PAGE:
The following itinerary was written by Gail Simmons for the Telegraph.
Begin your exploration of the medieval university city at its heart: cobbled Radcliffe Square. Admire the Radcliffe Camera – England’s first circular library – before exploring the university church of St. Mary the Virgin.
If your knees are up to it, climb the 124 steps to the top of the tower for a bird’s-eye view of the chessboard of quads and college buildings. Stop for a coffee (and a breather) in the Vaults & Garden cafe in the church’s crypt, before heading to the 15th-century Bodleian Library, which hosts special exhibitions throughout the year. 2015 saw the opening of the Bodleian’s striking new Weston Library in Broad St, its light-filled atrium a pleasant place for a coffee and cake.
For lunch, follow in the footsteps of inspectors Morse and Lewis and slip into the tiny White Horse, squeezed between Blackwell’s buildings, for a hearty pub lunch and a pint.
New College is, despite its name, one of Oxford’s oldest colleges, and the atmospheric cloisters and gardens tucked against the medieval city wall give a good feel for college life. It’s open 11am-5pm mid-March to mid-October; 2pm-4pm mid-October to mid-March.
From here, head up to the University Pitt Rivers Museums, which have one of the most eclectic and eccentric collections of any museum in Britain, ranging from dinosaur skeletons to ethnic masks and shrunken human heads.
Head to Gee’s Restaurant which is housed in a Victorian conservatory on the Banbury Road. For the past 25 years it has been one of Oxford’s best and best-known restaurants.
If the weather is good, consider a walk out to Iffley village. From Carfax, Oxford’s ancient central crossroads, walk down St. Aldate’s and, just over Folly Bridge, turn left onto the Thames towpath. Head into Iffley, once a separate village but now one of Oxford’s most pleasant suburbs, with its important Norman church, meadows and stone-built houses.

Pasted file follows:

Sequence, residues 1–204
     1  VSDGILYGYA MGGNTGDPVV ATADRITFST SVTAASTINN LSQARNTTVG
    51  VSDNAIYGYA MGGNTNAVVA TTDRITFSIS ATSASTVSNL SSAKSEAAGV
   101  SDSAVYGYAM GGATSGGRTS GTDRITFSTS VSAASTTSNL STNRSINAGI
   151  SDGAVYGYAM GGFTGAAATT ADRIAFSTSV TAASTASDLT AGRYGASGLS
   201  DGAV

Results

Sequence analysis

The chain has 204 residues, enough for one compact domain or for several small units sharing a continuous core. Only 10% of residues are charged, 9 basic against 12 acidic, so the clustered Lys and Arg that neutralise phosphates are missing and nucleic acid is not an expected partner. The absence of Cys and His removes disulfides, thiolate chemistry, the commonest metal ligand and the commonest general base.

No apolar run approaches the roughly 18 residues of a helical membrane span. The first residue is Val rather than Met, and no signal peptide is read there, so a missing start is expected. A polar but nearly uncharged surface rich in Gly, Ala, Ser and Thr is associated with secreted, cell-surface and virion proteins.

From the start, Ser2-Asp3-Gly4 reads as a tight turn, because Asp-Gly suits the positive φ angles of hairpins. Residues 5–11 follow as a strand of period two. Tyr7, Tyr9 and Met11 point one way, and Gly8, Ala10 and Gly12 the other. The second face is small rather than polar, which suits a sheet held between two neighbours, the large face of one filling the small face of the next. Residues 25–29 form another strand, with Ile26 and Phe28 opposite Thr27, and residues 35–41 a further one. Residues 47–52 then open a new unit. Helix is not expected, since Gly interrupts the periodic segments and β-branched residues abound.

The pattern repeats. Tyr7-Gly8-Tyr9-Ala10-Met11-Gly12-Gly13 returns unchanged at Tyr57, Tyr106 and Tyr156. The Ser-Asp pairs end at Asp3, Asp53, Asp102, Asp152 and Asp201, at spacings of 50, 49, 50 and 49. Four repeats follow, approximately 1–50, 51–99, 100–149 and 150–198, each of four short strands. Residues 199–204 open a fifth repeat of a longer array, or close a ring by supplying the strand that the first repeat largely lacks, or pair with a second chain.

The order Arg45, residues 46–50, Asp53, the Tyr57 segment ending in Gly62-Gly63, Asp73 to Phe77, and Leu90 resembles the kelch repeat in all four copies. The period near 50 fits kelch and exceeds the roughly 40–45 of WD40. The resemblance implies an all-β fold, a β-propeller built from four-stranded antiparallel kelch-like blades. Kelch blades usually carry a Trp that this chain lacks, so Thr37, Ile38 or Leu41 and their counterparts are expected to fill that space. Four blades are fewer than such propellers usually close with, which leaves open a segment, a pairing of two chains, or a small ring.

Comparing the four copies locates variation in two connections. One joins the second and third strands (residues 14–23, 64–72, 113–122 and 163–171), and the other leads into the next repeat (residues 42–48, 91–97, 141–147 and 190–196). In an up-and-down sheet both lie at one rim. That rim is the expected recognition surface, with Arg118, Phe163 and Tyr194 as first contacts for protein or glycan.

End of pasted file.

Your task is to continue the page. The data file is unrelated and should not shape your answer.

Stop for a coffee (or early liquid lunch) at the family-friendly Price of Wales pub before catching a bus back down the Iffley Road to High Street. If the weather is poor, consider visiting the Bodleian Library exhibition instead.
Head for the Rooftop Restaurant atthe Ashmolean, but before visiting its gleamingly revamped gallaries, climb (or take the lift) to the top floor for lunch at the new Ashmolean Dining Room, a glass-walled restaurant with an imaginative menu and views over Oxford’s rooftops to the green hills beyond.
Although the Ashmolean is England’s oldest public museum, old Oxford hands may not have visited since its £61 million refit in December 2009, and may not have seen the new galleries of Ancient Egypt and Nubia, which opened in late 2011. The restoration has doubled the display space and transformed the building’s interior into a light, free-flowing exhibition space linked by walkways with galleries. After tea at the grand old Randolph Hotel in Beaumont Street, head over to the Oxford Castle area.
If you’ve not been to Oxford for a while, you may not have discovered Quod Brasserie & Bar, occupying the ground floor of the former Barclays Bank on High Street. This has now become the city’s most popular and stylish brasseries, with pizzas, salads, fish and meat dishes and daily specials briskly served by glamorous waiting staff. For old-timer’s sake, finish the day with a pint at the Bear Inn, Oxford’s oldest pub (6 Alfred Street, 01865 728164).